Eurasian milfoil, garlic mustard, Asian carp, and zebra mussels. All are things that appear in the Upper Peninsula, and all are non-native invasive species.
This is what fifth and sixth graders from Ewen Trout Creek Elementary and Ontonagon Elementary learned today at Ottawa National Forest on Courtney Lake.
Ian Shackleford, botanist with the forest service, said these invaders choke out native plants and ultimately harm the environment.
â??When you go in the woods, most of the plants and animals that you see have been here for thousands of years, and theyâ??re here naturally, but some have been introduced by people from other countries, other parts of the world,â?? he explained. â??Some of them like it very much here and are spreading aggressively crowding out our native plants.â??
Students played actors in a reader theater and even took a hike in the woods to make the lesson more interactive.
Though some of the invaders they heard about are spreading into the U.P. like Asian carp, they learned about others across the U.S., too.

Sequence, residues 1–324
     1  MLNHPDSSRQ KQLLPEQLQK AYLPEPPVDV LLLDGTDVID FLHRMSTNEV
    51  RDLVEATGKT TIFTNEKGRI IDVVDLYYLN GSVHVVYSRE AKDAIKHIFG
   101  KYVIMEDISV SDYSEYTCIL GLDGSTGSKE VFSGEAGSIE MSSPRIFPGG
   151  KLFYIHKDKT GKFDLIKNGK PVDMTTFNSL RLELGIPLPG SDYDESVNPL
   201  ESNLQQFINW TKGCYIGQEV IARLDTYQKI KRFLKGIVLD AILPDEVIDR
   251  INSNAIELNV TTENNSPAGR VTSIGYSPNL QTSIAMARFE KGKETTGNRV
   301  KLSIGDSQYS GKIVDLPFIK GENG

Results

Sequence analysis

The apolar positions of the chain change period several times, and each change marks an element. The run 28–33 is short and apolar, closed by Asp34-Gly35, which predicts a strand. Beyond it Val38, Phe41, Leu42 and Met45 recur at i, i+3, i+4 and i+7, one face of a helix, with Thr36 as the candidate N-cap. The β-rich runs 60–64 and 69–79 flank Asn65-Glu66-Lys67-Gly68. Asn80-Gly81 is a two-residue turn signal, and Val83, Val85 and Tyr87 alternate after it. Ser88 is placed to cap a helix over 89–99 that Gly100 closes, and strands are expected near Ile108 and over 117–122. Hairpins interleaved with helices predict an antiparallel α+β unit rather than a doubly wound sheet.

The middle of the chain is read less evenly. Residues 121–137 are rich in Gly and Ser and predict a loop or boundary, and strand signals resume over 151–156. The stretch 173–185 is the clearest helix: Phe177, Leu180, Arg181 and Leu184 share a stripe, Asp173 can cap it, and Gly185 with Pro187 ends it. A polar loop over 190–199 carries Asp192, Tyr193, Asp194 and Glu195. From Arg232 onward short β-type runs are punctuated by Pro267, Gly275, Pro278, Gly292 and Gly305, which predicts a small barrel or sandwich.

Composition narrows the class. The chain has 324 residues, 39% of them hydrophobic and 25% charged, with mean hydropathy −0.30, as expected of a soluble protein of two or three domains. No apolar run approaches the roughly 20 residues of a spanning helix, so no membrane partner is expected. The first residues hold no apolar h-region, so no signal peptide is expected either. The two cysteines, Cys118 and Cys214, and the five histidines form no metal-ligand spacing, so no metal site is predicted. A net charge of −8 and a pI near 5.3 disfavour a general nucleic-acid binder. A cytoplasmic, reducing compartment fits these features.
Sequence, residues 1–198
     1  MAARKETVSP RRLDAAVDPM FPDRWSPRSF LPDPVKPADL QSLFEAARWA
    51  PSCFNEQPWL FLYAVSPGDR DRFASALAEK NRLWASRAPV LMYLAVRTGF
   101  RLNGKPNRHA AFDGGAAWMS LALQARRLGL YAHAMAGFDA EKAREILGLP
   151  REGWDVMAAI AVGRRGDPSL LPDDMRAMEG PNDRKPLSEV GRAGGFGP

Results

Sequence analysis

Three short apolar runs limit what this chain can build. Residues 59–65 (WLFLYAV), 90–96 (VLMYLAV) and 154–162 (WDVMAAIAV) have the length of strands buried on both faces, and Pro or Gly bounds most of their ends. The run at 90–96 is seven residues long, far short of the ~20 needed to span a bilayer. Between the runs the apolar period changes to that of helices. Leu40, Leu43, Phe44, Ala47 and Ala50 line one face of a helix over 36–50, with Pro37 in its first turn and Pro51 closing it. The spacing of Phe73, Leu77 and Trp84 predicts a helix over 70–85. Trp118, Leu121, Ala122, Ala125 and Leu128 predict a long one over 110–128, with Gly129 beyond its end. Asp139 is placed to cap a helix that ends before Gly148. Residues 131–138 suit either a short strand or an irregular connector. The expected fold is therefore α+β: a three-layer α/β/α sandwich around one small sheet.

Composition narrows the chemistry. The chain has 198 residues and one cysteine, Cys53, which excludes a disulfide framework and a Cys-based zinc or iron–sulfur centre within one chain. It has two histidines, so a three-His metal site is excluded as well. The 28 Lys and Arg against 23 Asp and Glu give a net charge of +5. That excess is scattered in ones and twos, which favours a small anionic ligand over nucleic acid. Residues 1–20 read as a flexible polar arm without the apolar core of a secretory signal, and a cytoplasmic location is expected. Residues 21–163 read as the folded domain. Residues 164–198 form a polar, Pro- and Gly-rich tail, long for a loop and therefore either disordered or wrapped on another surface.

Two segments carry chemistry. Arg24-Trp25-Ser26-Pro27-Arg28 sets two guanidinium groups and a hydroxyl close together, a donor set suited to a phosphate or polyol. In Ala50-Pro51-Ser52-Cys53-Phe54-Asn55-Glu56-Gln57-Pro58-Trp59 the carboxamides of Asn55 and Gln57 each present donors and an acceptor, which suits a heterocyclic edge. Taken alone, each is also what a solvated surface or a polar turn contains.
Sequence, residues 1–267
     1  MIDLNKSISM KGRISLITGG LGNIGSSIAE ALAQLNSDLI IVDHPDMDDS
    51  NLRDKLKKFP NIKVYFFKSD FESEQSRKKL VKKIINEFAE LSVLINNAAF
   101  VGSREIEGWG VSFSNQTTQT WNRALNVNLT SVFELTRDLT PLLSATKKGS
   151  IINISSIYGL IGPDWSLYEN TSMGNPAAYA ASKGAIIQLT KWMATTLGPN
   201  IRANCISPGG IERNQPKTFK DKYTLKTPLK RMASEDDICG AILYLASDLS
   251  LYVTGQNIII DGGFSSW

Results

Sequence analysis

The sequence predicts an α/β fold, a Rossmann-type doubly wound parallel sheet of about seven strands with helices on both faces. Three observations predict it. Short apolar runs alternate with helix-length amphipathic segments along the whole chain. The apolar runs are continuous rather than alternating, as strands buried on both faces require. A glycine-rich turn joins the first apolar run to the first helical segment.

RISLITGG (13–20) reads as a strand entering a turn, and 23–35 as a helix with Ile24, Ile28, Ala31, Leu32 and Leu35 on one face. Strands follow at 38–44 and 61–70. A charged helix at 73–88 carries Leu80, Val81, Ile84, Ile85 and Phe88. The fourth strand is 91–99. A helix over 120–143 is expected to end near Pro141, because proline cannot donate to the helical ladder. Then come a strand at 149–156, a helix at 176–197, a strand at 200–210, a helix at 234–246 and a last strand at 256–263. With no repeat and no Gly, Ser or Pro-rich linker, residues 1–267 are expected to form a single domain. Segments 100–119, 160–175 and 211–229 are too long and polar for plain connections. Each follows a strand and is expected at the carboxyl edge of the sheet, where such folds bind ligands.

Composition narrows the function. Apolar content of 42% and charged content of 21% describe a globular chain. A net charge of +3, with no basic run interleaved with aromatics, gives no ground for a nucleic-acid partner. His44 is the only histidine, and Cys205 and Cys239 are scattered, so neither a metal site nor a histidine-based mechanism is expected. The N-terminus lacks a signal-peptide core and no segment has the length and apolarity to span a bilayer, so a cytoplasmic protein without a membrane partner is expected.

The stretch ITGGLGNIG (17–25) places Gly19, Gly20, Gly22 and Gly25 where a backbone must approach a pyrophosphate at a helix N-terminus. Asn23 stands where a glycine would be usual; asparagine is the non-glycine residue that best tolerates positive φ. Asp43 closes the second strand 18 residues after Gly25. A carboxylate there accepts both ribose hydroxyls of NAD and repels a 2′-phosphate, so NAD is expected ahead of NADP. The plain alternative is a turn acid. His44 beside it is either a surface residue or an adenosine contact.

â??We got to learn a lot about two different animals, and they were the long-horned beetles and the snakehead fish,â?? said Ontonagon Elementary fifth grader, Jordyn Wallace.
Not only did they hear about different kinds of invasive plants and animals, they learned how to prevent the spread of these invaders as well.
â??When you put a boat into a lake or take it out, you need to check your boat before you get in and after you get out, remove any aquatic plants that are attached,â?? said Shackleford. â??Children can learn that message very easily, to clean your boat, clean your trailers. And the same goes on land, clean your camping gear. Clean the wheels, the tires of your ATV to keep spreading plants from one place to another artificially.â??
Shackleford said itâ??s good to teach the kids about wildlife while theyâ??re still young so they can grow up to be good stewards of the land we have available to us.
â??Teaching people how to prevent the spread of these non-native invasive species can save a lot of trouble,â?? he said. â??It can keep whole forests from getting infested because keeping them from getting here is a lot simpler than getting rid of them once they get here.â??